Is it possible to teach an online history course that isn’t evil?

25 02 2011

At some point in the recent past, our last department chairman (now retired) and our last provost (now also retired) signed our department up for a program that allows active duty military personnel to get history degrees from our school entirely through distance education. The program has the potential to make a lot of money for both the department and the university, and I’m certain that they simply decided that there was no way they were going to leave that money on the table.

While this program is being presented as something that the department can choose to participate in, it is abundantly clear to me now that it is going to go on whether tenure track faculty decide to participate in it or not. All of us in the department, me included, have serious qualms about how any online or distance ed history course would stack up on an educational level against anything offered on campus, but I’m starting to think that it might be better if we went into this with our eyes open to get a share of the money and to mitigate the difference between online and on campus classes.

It’s clear though that if I go through this, I need a serious attitude adjustment. That’s where I could use some help from you, dear readers. Is it possible to teach an online history course that isn’t inferior to a face-to-face offering? If so, what do you have to do to make it that way? Also, while I’m at it, if I’m going to sell my soul to the online Devil (so to speak), what should my price be?

All advice, by comments or via e-mail, would be very much appreciated.

Update: If you’d like to see a good summary of the always evil position, UD has one of the best I’ve ever seen up today. It’s going to be hard to make me feel better about what’s going to be done around here after reading that, but I’d still like to try.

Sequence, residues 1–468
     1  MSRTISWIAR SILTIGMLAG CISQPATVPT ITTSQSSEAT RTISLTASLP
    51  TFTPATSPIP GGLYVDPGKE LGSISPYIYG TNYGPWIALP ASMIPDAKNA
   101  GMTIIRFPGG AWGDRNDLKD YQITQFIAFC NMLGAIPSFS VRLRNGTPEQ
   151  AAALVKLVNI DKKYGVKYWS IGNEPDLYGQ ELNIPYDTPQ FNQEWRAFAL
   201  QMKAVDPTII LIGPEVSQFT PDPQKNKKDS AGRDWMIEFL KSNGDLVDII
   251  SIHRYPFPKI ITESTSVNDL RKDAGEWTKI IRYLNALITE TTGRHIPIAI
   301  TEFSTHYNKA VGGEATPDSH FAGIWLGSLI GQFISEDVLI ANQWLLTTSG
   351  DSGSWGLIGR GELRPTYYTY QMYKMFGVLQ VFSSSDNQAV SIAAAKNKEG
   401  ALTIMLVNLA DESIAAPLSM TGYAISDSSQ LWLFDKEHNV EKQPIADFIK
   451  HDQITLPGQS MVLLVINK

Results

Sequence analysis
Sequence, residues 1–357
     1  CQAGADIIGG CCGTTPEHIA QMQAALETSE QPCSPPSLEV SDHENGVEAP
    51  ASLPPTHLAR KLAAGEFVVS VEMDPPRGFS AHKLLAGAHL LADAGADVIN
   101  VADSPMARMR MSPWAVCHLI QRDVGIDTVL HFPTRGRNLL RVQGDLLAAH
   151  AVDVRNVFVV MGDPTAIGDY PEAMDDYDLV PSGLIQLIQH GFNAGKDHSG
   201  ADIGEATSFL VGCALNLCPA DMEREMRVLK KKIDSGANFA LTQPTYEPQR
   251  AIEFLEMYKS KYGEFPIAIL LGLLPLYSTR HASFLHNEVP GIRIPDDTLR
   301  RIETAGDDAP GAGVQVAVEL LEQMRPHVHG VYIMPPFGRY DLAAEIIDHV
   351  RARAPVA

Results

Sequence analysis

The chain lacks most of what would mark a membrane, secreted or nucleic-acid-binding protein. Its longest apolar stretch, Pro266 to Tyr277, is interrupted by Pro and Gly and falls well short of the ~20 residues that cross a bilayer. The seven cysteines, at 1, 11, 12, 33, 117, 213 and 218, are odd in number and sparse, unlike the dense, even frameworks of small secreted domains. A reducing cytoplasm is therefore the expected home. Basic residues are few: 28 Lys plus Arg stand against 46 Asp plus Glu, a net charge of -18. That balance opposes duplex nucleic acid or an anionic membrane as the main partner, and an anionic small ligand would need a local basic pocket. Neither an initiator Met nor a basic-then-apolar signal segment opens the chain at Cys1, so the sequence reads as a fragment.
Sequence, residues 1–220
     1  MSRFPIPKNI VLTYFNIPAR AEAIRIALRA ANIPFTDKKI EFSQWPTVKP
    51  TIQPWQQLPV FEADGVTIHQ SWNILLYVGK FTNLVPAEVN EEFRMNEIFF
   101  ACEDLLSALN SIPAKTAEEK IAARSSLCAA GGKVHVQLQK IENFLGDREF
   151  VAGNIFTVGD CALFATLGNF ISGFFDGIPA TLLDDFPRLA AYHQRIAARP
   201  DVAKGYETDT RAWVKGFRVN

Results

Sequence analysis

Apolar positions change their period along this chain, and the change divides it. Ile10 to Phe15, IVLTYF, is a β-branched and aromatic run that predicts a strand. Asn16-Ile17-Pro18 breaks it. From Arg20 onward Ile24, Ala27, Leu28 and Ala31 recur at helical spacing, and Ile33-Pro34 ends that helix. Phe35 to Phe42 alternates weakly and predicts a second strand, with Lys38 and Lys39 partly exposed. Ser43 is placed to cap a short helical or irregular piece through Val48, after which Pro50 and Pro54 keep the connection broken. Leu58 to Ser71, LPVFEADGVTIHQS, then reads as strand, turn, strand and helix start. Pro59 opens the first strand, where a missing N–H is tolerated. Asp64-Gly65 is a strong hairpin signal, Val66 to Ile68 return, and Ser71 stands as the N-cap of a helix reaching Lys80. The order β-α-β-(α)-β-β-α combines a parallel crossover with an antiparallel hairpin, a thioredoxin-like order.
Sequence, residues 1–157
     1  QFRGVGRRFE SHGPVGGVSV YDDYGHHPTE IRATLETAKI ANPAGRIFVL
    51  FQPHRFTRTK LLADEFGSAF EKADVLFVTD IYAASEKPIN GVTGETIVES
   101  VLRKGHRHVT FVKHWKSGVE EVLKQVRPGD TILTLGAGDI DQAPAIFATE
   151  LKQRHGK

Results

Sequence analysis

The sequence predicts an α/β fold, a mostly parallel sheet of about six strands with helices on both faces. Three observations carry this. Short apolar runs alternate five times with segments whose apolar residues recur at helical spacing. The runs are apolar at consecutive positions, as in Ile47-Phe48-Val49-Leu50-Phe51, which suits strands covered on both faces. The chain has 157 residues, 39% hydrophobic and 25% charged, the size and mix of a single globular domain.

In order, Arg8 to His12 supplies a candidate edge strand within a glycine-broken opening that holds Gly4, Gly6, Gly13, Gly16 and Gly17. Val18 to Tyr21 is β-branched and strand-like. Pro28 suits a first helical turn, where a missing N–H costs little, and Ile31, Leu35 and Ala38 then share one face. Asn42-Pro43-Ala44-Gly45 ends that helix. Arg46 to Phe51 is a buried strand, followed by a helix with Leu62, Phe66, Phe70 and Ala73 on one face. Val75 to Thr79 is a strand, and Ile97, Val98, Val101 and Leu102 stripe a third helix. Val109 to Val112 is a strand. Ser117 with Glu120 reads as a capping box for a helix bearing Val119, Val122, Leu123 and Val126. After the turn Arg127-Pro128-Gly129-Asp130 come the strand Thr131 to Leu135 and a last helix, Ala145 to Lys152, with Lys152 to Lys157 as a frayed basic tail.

3 responses

26 02 2011

I have to confess, I’m a bit bemused by the question. Distance (and recently online) learning in Britain has a quality reputation going back to at least the founding of the Open University several decades ago. British universities don’t simply regard distance learning as a cheap option but a genuine alternative for delivering higher education to people, especially mature students, who can’t attend universities in the traditional way. The Open University has very high levels of student satisfaction and is widely regarded as one of the better universities in the country. An OU degree (yes, including a history degree) is in no way inferior to any other.

I’ve never been involved in distance learning so don’t have any particular advice for you (except to look up the OU and see waht they do), but there’s no necessary connection between distance/online education and poor quality. As long as it isn’t simply done for maximum profit – that’s what is the evil, not the method of teaching.

26 02 2011
Jonathan Rees


I think your bemusement comes mostly from my use of the word evil, which was mostly a good excuse for me to post that devil tarot card again. Let me try rephrasing the question:

Is an online class inferior to a face-to-face class by definition?

Even if it is, what can be done to close that gap to the minimum distance possible? Open University might be good, but is it as good as the offering on most traditional campuses?

1 03 2011

Online is not inferior by definition. That it usually is in practice likely has to do with administrators’ expectations that one can teach many more students cheaply online through mass-production: a faulty assumption if you assume that education requires attention and feedback from the faculty to the student.

I sometimes teach an online grad seminar, max enrollment of 15, with quality readings and carefully crafted assignments that require reading, discussion, writing, and thinking. I spend an enormous amount of time responding to student writing in this course. I think they are learning a lot.

I’d recommend that anyone thinking of teaching this way take at least one well-taught online course about how to teach online before just diving in and doing it. U. of Wisconsin offers some courses of this kind. It’s eye-opening and not an enormous investment.

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